Dispatch | The Coastal Towns of Eastern Isabela

Blos River Aerial View
Blos River Aerial View
Blos River Aerial View

The isolation of Eastern Isabela has always been the lure to explore this remote place. Despite being on the mainland of Luzon, the area is cut off by Sierra Madre mountains. Finally last week, we had the chance to see the region for an exploration and ocular trip as a potential site for our Backpack Photography. After a 12-hour bus ride from Manila to Tuguegarao, we took a SkyPasada 19-seater plane for a 20-30 minutes plane ride to Maconacon. Flying in was already an experience. Seeing the lush forest of Sierra Madre Mountains and the beautiful coastline of Isabela was nothing short of impressive.

Coastline leading to the town center of Maconacon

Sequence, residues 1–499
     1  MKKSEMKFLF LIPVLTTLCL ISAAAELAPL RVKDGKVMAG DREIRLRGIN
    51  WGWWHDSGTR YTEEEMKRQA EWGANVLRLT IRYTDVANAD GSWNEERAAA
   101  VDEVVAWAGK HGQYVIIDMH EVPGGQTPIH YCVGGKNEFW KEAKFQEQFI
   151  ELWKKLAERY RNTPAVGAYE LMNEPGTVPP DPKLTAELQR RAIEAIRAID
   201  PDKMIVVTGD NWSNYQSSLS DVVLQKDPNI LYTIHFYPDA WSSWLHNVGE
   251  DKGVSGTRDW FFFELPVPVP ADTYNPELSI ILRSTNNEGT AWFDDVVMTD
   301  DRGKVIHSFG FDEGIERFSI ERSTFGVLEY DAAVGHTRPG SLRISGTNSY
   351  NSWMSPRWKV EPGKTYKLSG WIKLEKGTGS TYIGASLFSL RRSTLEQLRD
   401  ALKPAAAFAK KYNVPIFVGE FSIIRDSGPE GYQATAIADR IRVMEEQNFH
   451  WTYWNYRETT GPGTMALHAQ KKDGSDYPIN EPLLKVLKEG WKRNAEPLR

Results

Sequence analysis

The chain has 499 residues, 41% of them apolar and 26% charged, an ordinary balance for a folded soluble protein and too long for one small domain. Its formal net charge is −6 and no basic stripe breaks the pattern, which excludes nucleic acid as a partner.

Coastline leading to the town center of Maconacon

We explored Maconacon, the rugged terrain, devastated and ravaged by Typhoon Juan in 2010, is now showing signs of recovery albeit the changes on its landscape. A cancelled flight also gave us an opportunity to visit Divilacan, which left us wanting to explore more of this unexpectedly wonderful coastal town. Electricity has a small window for a few hours in the evening, there’s a cell site but is mostly down leaving the regions disconnected most of the time from the rest of the country. Yet this isolation may be also be the remaining charm of these places aside from the gentle yet skill-full Dumagats, an indigenous group of people, still on their nomadic and hunting ways while slowly adjusting to the modern world. Isabela may be one of the last few gems untouched by commercialisation.

Beautiful beach stretch leading north of Cagayan
Beautiful beach stretch leading north of Cagayan

4 Comments

  1. Is this a part of Palanan? I’ve long wanted to go there, but my companion always don’t have free time!

    • Hi Nids! Nope but it’s part of the neighbouring coastal towns of Palanan, particularly Maconocan, Divilacan and Dinapigue

  2. Hoping someday I can also explore my parents province!

    • It would be nice to visit your roots 🙂


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